This DIY cell phone created at MIT manages to have something for just about every major contemporary subculture or hipster subset I can think of.
Nerds and tinkerers? Check.set? Check. Huge antenna for the retro, skinny-jeans-wearing set? Check. Big buttons for the fat-thumbed and Luddite crowd? Check. Rugged design for outdoorsy types? Check.
The folks at the MIT Media Lab created this prototype with an SM5100B GSM Module that takes a standard SIM card and a custom circuit board. The screen will take you back to the last century at 160x128 pixels and the laser cut wood and veneer enclosure is just one of many possible exteriors, given the availability of 3D printing. While far from a smartphone, voice, texting, and other slightly old-school functionality is possible. All told, the parts cost between $100 and $150.
While you might expect the folks at MIT to be producing things that are, well, a little, this project from the Media Lab's High-Low Tech group is all about encouraging "a proliferation of personalized and diverse mobile phones."
The idea is to take advantage of open-source designs and technologies like 3D printing to democratize one of the most ubiquitous devices on the planet. The project page explains the mission a little more passionately:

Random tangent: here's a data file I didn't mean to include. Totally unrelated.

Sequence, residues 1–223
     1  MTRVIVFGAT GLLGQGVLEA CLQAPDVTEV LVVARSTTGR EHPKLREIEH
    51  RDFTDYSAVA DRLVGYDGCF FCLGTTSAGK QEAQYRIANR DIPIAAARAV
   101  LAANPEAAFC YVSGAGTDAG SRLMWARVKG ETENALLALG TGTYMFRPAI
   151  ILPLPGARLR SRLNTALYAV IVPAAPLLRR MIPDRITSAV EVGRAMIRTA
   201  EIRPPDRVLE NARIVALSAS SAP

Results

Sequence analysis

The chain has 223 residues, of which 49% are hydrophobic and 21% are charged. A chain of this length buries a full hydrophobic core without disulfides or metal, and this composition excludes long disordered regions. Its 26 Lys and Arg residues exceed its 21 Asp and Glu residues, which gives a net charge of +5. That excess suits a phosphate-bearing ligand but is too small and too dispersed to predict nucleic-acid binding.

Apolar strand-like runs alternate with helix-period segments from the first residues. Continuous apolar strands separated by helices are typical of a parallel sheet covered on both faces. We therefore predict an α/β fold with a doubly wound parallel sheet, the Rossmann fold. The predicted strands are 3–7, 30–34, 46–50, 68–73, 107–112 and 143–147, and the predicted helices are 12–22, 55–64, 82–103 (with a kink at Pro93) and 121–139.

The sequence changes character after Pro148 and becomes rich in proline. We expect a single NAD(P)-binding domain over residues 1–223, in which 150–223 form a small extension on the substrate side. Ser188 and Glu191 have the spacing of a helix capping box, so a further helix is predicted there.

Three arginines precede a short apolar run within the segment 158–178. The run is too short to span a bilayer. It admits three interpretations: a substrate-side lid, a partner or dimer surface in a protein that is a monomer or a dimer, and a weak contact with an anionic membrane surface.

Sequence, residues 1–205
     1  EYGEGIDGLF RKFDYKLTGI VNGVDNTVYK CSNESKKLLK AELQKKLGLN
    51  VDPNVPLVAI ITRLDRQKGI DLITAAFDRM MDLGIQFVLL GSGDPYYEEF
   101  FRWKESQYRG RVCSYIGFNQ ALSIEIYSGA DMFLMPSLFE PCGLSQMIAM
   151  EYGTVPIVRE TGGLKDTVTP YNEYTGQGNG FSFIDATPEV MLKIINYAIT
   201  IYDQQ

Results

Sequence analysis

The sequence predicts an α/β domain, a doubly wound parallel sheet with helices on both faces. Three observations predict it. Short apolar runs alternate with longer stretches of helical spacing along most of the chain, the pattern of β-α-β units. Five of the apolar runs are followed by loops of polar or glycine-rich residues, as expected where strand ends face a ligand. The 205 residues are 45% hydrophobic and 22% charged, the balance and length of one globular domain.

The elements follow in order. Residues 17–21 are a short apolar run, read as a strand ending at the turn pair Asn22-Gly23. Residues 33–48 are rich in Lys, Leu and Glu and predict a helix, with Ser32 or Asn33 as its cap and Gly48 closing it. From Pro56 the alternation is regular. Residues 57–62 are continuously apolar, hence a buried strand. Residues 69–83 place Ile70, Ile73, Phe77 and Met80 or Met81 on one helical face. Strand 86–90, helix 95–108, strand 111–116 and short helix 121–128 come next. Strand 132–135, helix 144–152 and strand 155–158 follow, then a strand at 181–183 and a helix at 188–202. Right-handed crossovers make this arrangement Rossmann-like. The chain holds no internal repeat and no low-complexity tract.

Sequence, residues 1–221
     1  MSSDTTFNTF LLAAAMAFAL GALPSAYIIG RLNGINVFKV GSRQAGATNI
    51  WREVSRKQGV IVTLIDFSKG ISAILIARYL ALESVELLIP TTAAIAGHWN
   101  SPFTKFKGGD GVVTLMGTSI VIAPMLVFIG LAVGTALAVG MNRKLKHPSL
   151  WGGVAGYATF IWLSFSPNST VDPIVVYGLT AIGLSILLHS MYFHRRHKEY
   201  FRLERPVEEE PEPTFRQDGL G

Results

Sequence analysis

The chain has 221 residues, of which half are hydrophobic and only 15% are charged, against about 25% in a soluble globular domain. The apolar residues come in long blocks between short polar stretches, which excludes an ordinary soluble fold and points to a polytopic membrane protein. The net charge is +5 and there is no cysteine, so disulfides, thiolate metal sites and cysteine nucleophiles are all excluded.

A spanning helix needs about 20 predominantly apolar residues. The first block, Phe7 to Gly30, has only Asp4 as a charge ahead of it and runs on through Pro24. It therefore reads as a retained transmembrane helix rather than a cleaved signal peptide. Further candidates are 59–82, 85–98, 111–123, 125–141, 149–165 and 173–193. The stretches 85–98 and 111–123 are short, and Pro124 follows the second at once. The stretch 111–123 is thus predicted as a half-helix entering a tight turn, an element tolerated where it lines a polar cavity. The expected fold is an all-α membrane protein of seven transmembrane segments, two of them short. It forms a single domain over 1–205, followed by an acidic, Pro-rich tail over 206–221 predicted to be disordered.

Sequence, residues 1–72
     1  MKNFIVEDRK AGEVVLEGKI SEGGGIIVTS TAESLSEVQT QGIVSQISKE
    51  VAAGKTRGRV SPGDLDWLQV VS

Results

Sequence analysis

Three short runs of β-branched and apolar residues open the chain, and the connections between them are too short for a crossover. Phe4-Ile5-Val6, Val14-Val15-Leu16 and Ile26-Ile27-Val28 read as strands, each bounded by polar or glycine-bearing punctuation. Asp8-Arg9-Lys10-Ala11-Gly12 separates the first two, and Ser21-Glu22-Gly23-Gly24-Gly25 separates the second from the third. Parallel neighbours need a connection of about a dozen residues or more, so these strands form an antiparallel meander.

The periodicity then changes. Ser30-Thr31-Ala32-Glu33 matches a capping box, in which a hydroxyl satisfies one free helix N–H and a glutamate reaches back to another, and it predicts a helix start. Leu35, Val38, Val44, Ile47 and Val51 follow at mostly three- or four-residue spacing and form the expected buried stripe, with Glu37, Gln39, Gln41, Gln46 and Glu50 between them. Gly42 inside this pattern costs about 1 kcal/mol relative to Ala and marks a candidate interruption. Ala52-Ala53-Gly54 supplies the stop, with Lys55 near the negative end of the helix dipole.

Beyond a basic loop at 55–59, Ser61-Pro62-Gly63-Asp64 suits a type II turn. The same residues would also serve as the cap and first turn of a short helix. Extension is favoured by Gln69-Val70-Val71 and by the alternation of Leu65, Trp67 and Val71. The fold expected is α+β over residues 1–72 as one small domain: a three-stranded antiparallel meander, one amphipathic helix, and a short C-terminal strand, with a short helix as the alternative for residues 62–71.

Freed from the constraints of mass production, we plan to explore diverse materials, shapes, and functions. We hope that the project will help us explore and expand the limits of do-it-yourself (DIY) practice. How close can a homemade project come to the design of a cutting-edge device? What are the economics of building a high-tech device in small quantities? Which parts are even available to individual consumers? What's required for people to customize and build their own devices?
That's quite a high-minded vision, but to me the most practical implication of widespread phone customization is obvious: the imminent advent of the low-rider phone. Expect to encounter numerous mobile devices kicking out excessive amounts of bass and sporting some sick flames on the case in your town in the not-too-distant future.